FOR GOD: If you found a watch lying in the road, you would know from the perfect way all its little parts interact that it had not suddenly appeared by chance. You would know that some thinking creature had deliberately designed it. Look at the world around you, isn't it astonishing how all its parts fit and work so perfectly together? Such a magnificent structure must have had a designer behind it. That designer is God. (William Paley)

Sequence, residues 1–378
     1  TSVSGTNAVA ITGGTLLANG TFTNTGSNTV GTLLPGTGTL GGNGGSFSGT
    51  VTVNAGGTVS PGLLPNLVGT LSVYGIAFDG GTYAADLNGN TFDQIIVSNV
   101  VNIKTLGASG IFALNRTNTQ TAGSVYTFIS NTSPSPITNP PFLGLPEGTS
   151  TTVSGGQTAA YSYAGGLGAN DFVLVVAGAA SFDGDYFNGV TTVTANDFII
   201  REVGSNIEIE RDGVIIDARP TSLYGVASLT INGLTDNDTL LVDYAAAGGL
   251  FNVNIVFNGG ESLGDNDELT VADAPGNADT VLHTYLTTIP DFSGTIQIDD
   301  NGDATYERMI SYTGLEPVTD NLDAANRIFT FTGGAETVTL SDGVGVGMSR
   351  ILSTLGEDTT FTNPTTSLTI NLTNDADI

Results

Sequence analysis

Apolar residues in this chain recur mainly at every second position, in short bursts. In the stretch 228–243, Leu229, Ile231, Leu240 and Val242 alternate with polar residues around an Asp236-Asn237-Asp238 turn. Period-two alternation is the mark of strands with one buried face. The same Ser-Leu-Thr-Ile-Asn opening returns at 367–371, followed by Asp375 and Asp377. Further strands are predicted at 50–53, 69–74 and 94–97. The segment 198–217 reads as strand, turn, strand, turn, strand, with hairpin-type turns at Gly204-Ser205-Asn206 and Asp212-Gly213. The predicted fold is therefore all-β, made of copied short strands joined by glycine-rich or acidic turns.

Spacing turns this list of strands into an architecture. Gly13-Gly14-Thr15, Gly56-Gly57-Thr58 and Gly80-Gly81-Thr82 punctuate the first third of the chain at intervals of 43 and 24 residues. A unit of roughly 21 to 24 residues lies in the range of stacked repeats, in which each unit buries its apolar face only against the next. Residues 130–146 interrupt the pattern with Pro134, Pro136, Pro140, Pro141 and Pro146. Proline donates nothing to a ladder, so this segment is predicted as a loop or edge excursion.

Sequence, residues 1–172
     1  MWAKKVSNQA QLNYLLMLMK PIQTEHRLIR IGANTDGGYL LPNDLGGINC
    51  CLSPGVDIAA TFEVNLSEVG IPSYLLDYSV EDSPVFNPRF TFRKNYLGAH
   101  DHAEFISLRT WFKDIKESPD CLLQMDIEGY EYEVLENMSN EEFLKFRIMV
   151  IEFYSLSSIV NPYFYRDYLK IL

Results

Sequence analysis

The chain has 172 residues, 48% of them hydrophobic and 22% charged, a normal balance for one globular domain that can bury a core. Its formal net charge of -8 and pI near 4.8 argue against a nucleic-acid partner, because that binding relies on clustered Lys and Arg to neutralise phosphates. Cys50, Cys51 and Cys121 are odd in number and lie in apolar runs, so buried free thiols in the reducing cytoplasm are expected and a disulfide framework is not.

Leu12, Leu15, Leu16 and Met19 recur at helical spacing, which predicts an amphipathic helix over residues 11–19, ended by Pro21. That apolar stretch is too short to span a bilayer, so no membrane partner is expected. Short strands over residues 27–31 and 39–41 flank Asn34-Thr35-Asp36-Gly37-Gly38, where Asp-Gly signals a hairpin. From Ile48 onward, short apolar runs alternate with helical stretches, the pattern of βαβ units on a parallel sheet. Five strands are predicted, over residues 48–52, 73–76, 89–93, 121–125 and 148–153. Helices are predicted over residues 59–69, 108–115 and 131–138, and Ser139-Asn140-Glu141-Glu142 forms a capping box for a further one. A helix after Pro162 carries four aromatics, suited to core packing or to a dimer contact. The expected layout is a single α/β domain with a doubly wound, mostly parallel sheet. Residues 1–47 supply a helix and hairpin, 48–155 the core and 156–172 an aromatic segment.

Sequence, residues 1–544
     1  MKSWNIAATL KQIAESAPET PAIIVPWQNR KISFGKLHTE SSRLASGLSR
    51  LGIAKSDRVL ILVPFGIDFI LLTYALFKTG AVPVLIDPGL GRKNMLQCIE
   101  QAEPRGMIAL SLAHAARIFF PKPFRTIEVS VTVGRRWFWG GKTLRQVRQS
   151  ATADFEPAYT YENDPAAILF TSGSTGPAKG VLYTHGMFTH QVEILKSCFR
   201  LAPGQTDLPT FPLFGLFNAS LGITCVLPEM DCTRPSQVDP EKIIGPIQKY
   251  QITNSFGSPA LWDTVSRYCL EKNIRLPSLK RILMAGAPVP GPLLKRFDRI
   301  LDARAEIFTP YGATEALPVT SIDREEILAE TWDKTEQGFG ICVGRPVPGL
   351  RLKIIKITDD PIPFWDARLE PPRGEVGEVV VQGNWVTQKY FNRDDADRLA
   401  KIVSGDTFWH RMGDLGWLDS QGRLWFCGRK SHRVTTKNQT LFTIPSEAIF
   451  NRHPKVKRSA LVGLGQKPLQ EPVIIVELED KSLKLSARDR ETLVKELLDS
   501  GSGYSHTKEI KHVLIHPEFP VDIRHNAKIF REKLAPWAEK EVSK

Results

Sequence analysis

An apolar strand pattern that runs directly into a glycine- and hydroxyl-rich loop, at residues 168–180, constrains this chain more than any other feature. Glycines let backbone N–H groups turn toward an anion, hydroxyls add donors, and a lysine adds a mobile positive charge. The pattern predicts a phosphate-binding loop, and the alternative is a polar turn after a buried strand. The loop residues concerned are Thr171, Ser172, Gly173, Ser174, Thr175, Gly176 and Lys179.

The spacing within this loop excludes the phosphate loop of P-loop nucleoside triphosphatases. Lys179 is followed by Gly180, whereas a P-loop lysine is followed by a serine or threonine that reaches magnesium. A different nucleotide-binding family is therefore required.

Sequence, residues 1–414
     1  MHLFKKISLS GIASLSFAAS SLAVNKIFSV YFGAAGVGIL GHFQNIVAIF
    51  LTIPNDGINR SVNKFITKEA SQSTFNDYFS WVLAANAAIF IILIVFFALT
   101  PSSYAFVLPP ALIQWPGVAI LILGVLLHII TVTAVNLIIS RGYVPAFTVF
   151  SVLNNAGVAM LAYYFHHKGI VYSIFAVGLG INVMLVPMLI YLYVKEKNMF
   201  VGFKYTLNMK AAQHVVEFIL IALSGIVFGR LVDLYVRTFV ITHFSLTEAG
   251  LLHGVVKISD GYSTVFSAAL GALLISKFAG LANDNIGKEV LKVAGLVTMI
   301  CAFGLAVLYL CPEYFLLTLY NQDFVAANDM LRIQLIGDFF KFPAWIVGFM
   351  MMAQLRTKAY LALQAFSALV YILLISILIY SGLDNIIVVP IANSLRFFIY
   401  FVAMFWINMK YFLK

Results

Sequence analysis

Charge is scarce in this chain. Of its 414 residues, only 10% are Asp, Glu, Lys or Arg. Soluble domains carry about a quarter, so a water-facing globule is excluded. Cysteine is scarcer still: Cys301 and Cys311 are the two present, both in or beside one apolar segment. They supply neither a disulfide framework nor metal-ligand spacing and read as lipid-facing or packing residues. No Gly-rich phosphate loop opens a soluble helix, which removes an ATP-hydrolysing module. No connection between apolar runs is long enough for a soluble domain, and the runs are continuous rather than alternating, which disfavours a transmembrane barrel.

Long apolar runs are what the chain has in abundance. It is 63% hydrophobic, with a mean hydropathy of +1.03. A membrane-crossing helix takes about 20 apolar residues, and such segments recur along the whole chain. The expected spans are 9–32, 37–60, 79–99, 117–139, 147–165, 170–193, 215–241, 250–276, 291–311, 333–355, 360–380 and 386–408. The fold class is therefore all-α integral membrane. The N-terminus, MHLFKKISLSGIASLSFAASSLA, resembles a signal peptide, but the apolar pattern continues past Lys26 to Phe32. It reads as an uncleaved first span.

AGAINST GOD: I, Glyn Hughes, am by trade and profession a designer, so I think I can speak with some authority here. People with no experience of designing tend not to realise how the process works. They assume that the designer thinks out a grand plan, and then makes the thing from nothing more than the raw materials and his own genius. This is not what happens. Designers never can work alone — which would suggest, at least, a committee of several gods. They begin with prototypes, which are usually faulty. Objects which exist now do not mean that the designer is alive now (Guccio Gucci died in 1972, but you can still buy his watches.) Designers never begin from scratch, they merely make tiny modifications to existing designs. There never was anyone who ever designed a wristwatch. Dr Paley's watch would have been designed by someone who had copied almost every feature from previous watches, and they in turn from clocks, which copy a synthesis of milling equipment and water clocks, which might well have come about from the accidental breaking of a water jug. Such innovations as designers appear to make are invariably the result of either fortunate accidents, of synthesis with other designs. Consider that noted design icon, the Dyson vacuum cleaner. It is a synthesis of the upright vacuum cleaner with a device called a cyclone precipitator, invented decades before to remove dust from industrial chimneys, and itself the result of a chance observation about fans. James Dyson himself says that he 'stumbled' onto the idea, and took five years and 5,127 (yes, 5,127) different versions before the design was ready.